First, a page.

Unions push ‘financial reform’ bill to control big companies and get funding for bankrupt pensions

April 26, 2010 04:41

When you see public employees and the refugees from ACORN out in the street this week decrying Wall Street greed, remember that they are not fighting to take power away from big banks, but to instead control that power themselves.

By: Chris Stirewalt at Washington Examiner

Public employee unions are getting fired up about the financial regulations chugging through Congress.

All week, the unions and their allies in community organizing will be holding mass demonstrations across the country to decry the power of Wall Street and demand passage of the president’s plan.

Rallies and marches for a bank bill? What does that have to do with working for the government?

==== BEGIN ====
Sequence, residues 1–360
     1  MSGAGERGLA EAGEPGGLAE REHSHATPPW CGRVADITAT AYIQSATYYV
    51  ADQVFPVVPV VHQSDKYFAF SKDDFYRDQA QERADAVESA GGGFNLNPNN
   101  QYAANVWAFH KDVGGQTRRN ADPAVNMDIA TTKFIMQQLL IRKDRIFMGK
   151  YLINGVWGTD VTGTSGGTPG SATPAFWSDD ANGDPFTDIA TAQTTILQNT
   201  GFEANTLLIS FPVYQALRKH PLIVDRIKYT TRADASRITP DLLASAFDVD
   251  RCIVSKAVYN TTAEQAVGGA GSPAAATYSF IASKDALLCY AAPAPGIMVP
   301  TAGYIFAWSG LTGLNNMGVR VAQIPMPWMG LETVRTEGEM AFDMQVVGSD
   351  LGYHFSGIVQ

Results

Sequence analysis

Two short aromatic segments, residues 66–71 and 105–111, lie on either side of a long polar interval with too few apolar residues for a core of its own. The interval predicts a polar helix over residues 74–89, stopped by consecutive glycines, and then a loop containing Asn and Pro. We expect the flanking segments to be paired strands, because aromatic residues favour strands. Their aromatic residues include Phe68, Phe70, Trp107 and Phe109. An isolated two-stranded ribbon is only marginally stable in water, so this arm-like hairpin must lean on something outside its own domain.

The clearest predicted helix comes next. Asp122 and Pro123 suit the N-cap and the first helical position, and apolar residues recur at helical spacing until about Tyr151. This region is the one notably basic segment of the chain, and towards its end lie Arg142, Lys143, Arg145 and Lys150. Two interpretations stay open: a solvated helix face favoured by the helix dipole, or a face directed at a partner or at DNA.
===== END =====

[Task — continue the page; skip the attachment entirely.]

Stephen Lerner, who is spearheading the movement for the Service Employees International Union, summed it up for Peter Dreier of the Huffington Post: They want the banks’ money.

“The compensation bonus pool for the big six banks — over $130 billion — would solve the entire budget crisis for all the states,” he said in urging the Left to unite against Wall Street.

The bill that Lerner and his team are championing actually makes the big banks bigger and certainly won’t take Wall Street’s bonus cash to shore up the state budgets, which are wracked by unaffordable pay and benefits for public employees.

But tucked into the 1,250 pages of new rules proposed by Sen. Chris Dodd, D-Conn., is a provision that gives new powers to board members. And that could mean big payoffs for the unions down the road.


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